In twenty years of comic fandom, I have never written in to a comic publisher before. But just this last week I sat down and wrote to DC Comics. Why?
Action Comics, DC's oldest comic still in print, and the home of Superman, was being written by Chuck Austen. Austen had written a semi-successful miniseries with Metropolis as a background last year, but it hadn't been my favorite series. I loved the art, but, truthfully, the story was meandering and unstructured.
When the Superman comics relaunched several months ago, Chuck Austen was given Action Comics. I knew from internet trolls complaining about Austen's run on X-Men that he could be a controversial figure, but I wasn't really clear on WHY so many readers didn't like his work.
As Austen's run on Action neared, interviews with the writer showed up online and Austen publicly stated that he didn't think Superman was interesting. Nor did he feel overly excited to be writing the comic. He found Lois Lane boring, and thought Superman should be more "proactive" or something along those lines.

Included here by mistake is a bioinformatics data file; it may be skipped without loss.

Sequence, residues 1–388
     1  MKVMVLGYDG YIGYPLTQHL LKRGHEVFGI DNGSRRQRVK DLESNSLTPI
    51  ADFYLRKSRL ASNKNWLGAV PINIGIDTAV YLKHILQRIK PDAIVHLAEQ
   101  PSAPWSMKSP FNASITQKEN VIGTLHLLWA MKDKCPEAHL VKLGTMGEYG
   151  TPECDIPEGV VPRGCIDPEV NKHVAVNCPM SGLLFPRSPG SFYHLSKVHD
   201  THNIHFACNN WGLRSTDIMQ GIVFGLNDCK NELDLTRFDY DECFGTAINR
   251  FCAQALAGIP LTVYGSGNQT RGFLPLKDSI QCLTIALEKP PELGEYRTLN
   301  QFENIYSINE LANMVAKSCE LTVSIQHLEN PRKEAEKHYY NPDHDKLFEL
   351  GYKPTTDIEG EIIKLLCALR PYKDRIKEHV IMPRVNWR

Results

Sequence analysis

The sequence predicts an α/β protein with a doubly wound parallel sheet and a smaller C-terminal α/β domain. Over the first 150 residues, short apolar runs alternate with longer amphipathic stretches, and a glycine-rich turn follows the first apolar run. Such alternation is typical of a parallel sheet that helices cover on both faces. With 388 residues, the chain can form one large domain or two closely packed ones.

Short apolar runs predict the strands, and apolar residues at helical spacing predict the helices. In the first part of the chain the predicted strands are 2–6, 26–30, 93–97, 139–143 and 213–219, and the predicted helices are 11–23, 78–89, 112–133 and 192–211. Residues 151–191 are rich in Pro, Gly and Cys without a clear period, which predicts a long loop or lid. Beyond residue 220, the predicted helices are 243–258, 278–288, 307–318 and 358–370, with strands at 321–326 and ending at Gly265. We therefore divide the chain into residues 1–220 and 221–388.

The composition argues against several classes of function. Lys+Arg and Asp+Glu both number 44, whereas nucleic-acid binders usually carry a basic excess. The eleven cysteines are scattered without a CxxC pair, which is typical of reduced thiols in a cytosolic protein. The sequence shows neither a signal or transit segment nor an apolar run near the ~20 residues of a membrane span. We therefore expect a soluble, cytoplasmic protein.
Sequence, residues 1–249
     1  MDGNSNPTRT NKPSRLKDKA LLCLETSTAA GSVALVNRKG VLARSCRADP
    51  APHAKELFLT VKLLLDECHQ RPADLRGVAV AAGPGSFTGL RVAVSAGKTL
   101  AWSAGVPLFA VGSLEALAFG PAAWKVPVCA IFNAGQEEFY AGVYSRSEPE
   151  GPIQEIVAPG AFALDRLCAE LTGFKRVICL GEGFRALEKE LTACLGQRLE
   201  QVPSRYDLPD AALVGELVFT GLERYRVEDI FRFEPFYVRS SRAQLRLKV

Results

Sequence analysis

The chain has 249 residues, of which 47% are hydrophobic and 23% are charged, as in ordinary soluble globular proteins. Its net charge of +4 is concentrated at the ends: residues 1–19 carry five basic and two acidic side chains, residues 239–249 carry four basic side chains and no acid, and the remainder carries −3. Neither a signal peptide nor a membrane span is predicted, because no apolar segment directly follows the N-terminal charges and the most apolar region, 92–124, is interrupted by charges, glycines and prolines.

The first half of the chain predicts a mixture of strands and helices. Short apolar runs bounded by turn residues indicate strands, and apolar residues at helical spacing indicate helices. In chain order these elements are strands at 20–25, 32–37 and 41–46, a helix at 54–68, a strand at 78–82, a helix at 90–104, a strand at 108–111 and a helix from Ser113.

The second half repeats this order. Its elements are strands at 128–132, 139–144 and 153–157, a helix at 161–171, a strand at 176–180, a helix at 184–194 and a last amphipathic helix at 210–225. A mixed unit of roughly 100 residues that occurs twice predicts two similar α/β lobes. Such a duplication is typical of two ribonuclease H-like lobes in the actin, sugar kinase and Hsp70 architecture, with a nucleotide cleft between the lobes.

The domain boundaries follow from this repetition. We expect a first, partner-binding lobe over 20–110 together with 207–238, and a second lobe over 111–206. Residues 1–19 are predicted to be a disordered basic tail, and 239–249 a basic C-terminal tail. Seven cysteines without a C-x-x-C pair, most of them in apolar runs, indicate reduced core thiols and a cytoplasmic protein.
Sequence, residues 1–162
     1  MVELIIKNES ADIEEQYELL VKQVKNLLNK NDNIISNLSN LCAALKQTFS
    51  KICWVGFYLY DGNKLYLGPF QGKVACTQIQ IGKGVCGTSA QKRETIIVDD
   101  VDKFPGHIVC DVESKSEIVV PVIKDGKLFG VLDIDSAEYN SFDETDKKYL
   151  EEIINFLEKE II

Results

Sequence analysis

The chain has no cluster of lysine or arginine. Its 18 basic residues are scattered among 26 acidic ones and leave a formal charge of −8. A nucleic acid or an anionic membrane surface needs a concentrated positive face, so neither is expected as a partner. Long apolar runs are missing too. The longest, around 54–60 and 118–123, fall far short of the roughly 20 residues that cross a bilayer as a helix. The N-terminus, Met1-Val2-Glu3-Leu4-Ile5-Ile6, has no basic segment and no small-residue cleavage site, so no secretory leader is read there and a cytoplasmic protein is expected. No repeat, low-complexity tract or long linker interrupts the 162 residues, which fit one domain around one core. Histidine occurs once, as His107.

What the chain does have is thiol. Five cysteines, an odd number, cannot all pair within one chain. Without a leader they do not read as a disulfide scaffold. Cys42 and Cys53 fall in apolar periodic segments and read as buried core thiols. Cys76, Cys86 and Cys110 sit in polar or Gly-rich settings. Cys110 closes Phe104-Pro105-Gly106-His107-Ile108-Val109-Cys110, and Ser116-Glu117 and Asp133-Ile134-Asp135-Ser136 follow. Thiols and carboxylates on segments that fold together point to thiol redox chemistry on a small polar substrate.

When the comics started showing up, they were the action packed comics Austen ahd promised, but no single issue contained the hint of a coherent story. Ivan Reis had taken over art chores, and the guy does incredible work. But Austen seemed to be flailing through a backlog of Superman villains and supporting characters. Plotlines were being introduced and never carried out, villains appeared but failed to ever reappear in order to complete a storyline.
Further, Superman just didn't act like Superman. Some folks say he was acting more as if Austen were writing Spider-Man, but I didn't see it. I felt Austen was trying to interject humor into the Superman comics and simply wasn't very good at writing comics that way. Also, Superman would loudly declare superlatives such as "I am the best!" Uh-huh.